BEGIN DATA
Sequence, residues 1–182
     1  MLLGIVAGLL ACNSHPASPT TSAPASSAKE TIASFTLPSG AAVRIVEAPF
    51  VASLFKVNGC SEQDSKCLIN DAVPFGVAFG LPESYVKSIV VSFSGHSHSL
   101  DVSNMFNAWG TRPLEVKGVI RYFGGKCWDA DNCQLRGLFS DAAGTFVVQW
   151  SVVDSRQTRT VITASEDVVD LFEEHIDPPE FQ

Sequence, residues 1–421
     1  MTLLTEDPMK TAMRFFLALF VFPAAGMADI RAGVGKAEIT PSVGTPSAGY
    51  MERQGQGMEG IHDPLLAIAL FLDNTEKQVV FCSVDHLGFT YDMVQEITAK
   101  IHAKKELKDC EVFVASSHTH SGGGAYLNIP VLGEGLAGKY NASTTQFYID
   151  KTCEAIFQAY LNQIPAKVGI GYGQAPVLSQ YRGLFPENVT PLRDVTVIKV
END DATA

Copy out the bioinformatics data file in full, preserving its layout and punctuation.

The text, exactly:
Sequence, residues 1–182
     1  MLLGIVAGLL ACNSHPASPT TSAPASSAKE TIASFTLPSG AAVRIVEAPF
    51  VASLFKVNGC SEQDSKCLIN DAVPFGVAFG LPESYVKSIV VSFSGHSHSL
   101  DVSNMFNAWG TRPLEVKGVI RYFGGKCWDA DNCQLRGLFS DAAGTFVVQW
   151  SVVDSRQTRT VITASEDVVD LFEEHIDPPE FQ

Sequence, residues 1–421
     1  MTLLTEDPMK TAMRFFLALF VFPAAGMADI RAGVGKAEIT PSVGTPSAGY
    51  MERQGQGMEG IHDPLLAIAL FLDNTEKQVV FCSVDHLGFT YDMVQEITAK
   101  IHAKKELKDC EVFVASSHTH SGGGAYLNIP VLGEGLAGKY NASTTQFYID
   151  KTCEAIFQAY LNQIPAKVGI GYGQAPVLSQ YRGLFPENVT PLRDVTVIKV